Research in the Time of COVID-19: Virtual and Digital Technology in Studies of Early Psychosis

The use of technology that supports remote methods of communication, assessment, and mental health care has become more timely, and important for researchers to adopt, refine, and implement.

Telepsychiatry and digital technologies have been touted for over a decade as effective methods for providing care to individuals with serious mental illness, particularly those in rural areas and for whom brick-and-mortar mental health services are not accessible.1 Up until the (very) recent past, health systems and providers were slow to embrace broader use of digital health tools due to legal and regulatory concerns over privacy, confidentiality, and logistical barriers.2 However, the emergence of COVID-19 has forced health systems to transition rapidly to telehealth, while psychiatric research has ground to a halt. The use of technology that supports remote methods of communication, assessment, and mental health care has become more timely and important for researchers to adopt, refine, and implement.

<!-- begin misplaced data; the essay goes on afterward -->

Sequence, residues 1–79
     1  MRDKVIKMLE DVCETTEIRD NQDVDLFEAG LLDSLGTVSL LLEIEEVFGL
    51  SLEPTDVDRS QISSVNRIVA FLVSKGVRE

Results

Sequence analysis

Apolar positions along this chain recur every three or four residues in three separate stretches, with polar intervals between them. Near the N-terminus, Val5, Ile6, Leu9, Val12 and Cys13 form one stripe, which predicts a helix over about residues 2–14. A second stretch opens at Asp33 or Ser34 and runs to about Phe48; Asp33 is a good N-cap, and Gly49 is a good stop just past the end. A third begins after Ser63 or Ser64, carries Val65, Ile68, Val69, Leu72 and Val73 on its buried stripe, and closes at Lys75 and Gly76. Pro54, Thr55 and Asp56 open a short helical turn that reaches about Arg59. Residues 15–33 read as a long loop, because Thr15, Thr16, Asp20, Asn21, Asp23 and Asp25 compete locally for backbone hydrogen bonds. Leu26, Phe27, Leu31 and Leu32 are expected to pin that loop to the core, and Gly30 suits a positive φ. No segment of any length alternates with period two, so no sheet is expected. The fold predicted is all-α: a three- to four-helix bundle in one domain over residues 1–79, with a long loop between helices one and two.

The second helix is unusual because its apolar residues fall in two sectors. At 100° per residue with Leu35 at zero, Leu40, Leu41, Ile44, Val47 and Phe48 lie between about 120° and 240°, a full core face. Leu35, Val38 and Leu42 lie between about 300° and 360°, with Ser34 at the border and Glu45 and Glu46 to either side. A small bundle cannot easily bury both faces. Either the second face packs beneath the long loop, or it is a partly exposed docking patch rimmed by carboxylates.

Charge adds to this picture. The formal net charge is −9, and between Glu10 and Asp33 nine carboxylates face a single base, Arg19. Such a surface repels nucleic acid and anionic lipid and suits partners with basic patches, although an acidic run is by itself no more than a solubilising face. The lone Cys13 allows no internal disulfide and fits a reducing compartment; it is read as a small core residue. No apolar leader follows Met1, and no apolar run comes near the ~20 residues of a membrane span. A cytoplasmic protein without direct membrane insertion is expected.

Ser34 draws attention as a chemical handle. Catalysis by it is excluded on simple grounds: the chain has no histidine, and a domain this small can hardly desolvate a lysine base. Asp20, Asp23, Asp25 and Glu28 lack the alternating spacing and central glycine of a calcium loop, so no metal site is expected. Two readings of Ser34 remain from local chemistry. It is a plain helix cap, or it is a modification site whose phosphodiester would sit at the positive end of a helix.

Virtual and mobile device-based methodologies are particularly suited to early psychosis research due to the age range of participants, namely adolescence and early adulthood. As “digital natives,” they are oriented to and well-versed in these modes of communication. Many of our clinical and research programs have been developing, using, and testing digital tools for some time. Here, we review currently available methods, based on our experience, that can be used to adapt and jumpstart early psychosis research as the field prepares for the new landscape that we will face, likely through 2021 and beyond.